Witness Richard B. Alley, a professor of geosciences at Pennsylvania State University who studies the ice sheets of Greenland and Antarctica, responded that the recent melting of the martian ice cap is linked to dust storms. Alley also said direct satellite observation is a far more accurate way of measuring the sun’s output than is an indirect calculation based on the shrinking of the red planet’s ice cap.

To illustrate his concern about ocean acidification due to rising CO2 levels, Rep. Robert D. Inglis Sr. (R-S.C.), the top Republican on the subcommittee, brought a prop—a jar filled with a vinegar-and-water solution and a single hard-boiled egg. The egg’s shell had dissolved after several days submerged in the acidic brew. He expressed worry that the declining ocean pH would harm corals as well as the tiny shelled organisms at the base of the marine food chain, disrupting human food supplies.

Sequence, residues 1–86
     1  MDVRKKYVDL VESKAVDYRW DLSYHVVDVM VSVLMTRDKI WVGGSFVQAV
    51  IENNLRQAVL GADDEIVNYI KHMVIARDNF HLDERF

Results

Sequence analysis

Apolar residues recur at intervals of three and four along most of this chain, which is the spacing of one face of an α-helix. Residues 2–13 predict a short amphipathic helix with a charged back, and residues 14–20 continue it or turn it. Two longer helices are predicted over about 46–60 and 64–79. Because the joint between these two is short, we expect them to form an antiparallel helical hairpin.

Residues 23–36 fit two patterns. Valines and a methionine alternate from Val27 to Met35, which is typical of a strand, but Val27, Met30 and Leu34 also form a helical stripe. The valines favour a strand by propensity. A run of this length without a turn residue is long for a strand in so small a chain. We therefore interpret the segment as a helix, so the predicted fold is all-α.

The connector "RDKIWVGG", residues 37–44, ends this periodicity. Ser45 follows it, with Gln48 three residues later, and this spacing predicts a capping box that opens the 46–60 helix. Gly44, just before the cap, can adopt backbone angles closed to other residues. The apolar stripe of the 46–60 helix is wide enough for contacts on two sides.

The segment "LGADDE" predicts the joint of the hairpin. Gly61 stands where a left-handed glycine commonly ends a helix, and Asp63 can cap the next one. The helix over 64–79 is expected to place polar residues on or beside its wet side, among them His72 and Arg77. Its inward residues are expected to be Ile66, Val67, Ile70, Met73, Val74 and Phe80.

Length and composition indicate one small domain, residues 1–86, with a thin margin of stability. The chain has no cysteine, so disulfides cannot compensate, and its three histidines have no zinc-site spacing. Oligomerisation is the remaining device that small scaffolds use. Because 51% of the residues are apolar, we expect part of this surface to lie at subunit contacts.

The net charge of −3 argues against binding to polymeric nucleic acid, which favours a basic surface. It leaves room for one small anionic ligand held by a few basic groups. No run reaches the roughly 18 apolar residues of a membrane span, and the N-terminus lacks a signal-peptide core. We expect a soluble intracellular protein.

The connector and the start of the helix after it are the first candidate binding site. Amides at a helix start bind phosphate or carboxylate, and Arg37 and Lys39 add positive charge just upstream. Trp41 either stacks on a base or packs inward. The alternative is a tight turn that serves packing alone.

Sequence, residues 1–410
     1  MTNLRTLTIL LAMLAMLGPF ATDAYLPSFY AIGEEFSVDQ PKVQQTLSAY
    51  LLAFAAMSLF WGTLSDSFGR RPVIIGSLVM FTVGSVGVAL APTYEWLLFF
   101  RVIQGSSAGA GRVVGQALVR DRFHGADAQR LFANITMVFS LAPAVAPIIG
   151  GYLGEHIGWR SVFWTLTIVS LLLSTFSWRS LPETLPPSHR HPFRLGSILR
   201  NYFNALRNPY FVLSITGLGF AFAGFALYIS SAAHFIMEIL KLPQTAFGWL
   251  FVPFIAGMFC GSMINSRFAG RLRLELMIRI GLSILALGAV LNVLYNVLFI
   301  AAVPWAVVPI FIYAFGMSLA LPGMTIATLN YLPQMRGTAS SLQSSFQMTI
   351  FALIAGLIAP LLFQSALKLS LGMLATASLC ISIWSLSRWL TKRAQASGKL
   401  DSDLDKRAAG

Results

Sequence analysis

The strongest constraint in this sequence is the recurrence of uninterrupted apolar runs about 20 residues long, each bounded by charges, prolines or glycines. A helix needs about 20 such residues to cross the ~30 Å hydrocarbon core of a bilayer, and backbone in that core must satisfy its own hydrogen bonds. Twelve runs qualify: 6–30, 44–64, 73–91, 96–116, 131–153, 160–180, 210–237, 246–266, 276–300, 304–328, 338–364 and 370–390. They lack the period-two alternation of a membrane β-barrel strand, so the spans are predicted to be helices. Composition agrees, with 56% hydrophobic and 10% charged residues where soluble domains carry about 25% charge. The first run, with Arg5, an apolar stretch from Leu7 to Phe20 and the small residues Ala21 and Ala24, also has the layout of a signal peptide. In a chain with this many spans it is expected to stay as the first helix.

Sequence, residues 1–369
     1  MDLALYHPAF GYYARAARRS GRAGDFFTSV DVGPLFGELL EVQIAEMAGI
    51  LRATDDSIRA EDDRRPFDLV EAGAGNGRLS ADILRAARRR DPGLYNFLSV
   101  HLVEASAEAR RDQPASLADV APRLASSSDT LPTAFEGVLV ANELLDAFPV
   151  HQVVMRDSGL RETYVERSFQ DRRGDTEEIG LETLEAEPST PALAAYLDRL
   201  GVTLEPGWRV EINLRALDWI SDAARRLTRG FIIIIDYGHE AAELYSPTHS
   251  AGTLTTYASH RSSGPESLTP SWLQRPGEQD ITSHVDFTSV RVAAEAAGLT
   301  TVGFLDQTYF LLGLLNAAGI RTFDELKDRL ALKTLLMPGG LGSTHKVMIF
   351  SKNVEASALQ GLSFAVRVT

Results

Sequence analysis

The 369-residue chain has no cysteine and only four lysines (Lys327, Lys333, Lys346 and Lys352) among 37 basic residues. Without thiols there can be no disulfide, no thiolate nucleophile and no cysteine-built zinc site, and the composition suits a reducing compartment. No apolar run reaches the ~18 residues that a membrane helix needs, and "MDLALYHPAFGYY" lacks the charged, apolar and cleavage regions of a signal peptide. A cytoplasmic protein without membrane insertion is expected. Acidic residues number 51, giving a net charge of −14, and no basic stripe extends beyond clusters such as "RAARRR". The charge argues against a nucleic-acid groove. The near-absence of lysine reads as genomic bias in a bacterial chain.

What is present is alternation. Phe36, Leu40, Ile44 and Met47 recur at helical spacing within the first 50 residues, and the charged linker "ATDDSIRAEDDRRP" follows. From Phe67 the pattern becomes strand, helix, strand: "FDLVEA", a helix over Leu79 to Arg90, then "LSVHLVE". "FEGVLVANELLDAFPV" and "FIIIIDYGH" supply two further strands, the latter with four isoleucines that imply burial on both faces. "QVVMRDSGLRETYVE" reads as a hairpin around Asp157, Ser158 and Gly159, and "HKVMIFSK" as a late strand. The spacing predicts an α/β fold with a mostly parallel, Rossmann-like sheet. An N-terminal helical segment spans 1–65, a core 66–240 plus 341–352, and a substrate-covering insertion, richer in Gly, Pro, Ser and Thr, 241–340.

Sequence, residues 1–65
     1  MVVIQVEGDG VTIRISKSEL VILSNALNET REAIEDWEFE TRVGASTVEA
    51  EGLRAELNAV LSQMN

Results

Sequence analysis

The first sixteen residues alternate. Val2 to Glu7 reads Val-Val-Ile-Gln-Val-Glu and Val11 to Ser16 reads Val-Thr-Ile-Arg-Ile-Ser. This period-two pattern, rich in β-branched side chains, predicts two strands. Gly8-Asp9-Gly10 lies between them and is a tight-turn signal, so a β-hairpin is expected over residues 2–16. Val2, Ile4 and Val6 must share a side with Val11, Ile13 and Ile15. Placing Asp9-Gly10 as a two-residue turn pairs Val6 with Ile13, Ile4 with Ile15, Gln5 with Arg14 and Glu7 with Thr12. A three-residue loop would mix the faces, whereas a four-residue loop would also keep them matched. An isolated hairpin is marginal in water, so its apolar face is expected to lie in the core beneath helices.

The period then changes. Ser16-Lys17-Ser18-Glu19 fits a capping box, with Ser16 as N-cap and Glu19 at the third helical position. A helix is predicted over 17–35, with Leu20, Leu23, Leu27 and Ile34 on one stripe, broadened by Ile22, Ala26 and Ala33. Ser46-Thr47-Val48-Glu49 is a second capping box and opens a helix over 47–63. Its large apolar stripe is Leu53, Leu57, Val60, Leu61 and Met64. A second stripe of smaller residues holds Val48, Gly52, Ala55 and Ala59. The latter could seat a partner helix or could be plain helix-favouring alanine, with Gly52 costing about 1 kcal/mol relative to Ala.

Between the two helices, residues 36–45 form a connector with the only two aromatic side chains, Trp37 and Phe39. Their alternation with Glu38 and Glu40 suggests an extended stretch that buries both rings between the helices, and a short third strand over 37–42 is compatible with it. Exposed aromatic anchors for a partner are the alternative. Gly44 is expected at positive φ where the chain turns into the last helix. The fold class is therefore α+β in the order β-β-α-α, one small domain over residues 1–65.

Inglis also warned climate scientists to prepare for “difficult hearings next year” under the Republican-controlled House of Representatives. Inglis is leaving Congress after losing a June primary to Tea Party-supported Rep.-elect Harold W. (Trey) Gowdy III.

“Do not come here defensively,” Inglis said. He urged climate researchers to view congressional hearings called by Republicans as “fabulous opportunities to educate skeptical lawmakers.”

The departing lawmaker also offered advice to his fellow Republicans: “If you’re a free-enterprise conservative and just think the science is a bunch of hooey, if you miss the commercial opportunity, you’ve really missed something,” Inglis said.

The Chinese, he said, plan to develop innovative technologies needed in the 21st century and sell them to the rest of the world.

“We may just press the pause button here for several years. But China is pressing the fast-forward button,” Inglis said.